So there’s the rub. And even a good skeptic should know what the difference is between a real concern and an imagined one. But even the skeptic realizes that in ideal conditions, something can go horribly wrong. And people and their government must make a risk assessment. We should be able to have all the information at hand before a vote or authorization for deeper drilling, but even the scientists are befuddled. And that’s the recipe for disaster down the line.
But yet here we are. Ohio DNR can say there’s no relation, though they just closed the surrounding wells, and interestingly, claim that backplugging a well is a solution. In fact, after watching the awesome effectiveness of the CobraMax DM video above, do you really think they can just fill in everything they just dug out? Or that we’re so technically capable of knowing what we just had done was safe, even as earthquakes continue to plague sites that are specifically the same spots as fracked wells? It’s harder to deny this, because unlike global warming, earthquakes are awful obvious.
And it’s likely the Ohio wells aren’t being dug out by the impressive and ingenious tools we see advertised. Maybe it’s a cruder version, or worse, a less accurate device. In that case, how can we be so sure all the stuff we’re doing down there is fixed? The Gulf Oil Spill was basically a pocket of gas that escaped back up the pipe until it ignited on the rig. That kick was, in essence, a fracture left unnoticed. I still don’t think we could’ve prevented or predicted the size and strength of kick of the Macondo well, but at the same time, I hold no quarter for BP and anyone else both in private and public position who lied about the amount of oil spewing every day.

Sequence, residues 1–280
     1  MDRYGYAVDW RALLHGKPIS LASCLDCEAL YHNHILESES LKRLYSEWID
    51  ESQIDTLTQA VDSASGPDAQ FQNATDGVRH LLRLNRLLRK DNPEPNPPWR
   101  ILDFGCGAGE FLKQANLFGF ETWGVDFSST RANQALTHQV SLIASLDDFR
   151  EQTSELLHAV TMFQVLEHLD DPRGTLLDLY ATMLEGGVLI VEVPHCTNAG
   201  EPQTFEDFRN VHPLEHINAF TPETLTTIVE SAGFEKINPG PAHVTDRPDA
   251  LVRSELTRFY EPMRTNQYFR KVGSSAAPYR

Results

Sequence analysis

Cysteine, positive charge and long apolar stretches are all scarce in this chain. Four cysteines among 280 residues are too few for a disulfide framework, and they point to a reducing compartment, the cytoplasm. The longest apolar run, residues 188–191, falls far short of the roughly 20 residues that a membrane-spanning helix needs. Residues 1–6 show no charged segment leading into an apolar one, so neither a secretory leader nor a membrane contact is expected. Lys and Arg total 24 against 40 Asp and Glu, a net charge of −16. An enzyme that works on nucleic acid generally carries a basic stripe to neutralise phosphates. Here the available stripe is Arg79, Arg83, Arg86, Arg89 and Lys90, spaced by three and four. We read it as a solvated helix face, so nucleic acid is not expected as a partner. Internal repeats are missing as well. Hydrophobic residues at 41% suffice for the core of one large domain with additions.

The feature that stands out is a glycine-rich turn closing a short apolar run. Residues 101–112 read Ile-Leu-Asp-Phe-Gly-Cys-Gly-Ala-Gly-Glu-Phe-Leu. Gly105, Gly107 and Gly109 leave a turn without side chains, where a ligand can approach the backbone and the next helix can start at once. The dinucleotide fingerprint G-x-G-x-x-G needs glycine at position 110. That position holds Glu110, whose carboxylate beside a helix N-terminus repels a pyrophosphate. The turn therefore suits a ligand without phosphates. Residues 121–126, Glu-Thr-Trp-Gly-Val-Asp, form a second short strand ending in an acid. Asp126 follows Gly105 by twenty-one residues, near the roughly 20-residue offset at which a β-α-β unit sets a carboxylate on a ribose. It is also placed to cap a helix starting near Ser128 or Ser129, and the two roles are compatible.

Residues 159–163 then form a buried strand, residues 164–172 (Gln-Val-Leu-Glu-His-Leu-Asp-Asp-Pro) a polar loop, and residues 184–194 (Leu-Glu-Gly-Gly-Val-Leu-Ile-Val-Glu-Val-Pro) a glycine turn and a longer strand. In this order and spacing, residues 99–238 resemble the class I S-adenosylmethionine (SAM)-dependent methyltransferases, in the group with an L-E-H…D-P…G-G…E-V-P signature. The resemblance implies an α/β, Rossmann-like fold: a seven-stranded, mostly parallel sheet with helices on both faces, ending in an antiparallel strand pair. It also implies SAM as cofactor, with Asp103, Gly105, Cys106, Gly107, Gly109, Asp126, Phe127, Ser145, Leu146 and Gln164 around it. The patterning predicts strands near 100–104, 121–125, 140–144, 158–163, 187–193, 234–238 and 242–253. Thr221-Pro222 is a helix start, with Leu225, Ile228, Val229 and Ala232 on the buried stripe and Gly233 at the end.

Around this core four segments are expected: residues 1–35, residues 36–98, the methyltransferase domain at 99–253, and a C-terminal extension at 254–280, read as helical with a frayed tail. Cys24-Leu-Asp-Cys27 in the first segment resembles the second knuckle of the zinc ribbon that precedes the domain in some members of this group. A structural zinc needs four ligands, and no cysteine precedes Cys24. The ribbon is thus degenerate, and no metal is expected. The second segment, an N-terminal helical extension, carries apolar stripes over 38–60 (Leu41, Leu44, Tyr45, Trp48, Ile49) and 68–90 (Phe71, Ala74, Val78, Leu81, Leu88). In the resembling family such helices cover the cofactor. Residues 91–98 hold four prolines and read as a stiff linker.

Same goes for anyone who wants to quiet the real concern about wells and their convenient earthquake reminders.
This is something Michigan DNR will have to face soon, as the Collingwood-Utica play begins to gather interest from energy investors. The forefront of new energy is fast-approaching, and we ourselves are starting up our own series of injection wells. Gas plays are starting to generate enough economic interest to find investment, and the money is definitely in these deep well systems. Michigan DEQ suggests a spacing of wells (due to the possibility of chemical pollution of the local aquifers), and seems to be more cautious than other states, noting that most of our fracking processes are shallow, and of low volume currently. But future wells will push the envelope, and require deeper wells and permits to allow the same processes that may have helped push Nature along.
It worries me that while the quakes are high-profile, the demand for science to answer the questions isn’t on the map. We have realtime examples of what happens when fractured earth is disturbed in the Gulf, and in Indonesian mud volcanoes. We now see that there is far more causality than coincidence when multiple earthquakes just happen to be in the exact same areas as fracked/injection wells.
But let’s also admit our addiction. If we weren’t so starved for drilling, we wouldn’t have BP. If we weren’t so starved for energy in general, we wouldn’t be digging the ground out from under our own feet. Don’t let him drink your milkshake. Mako out.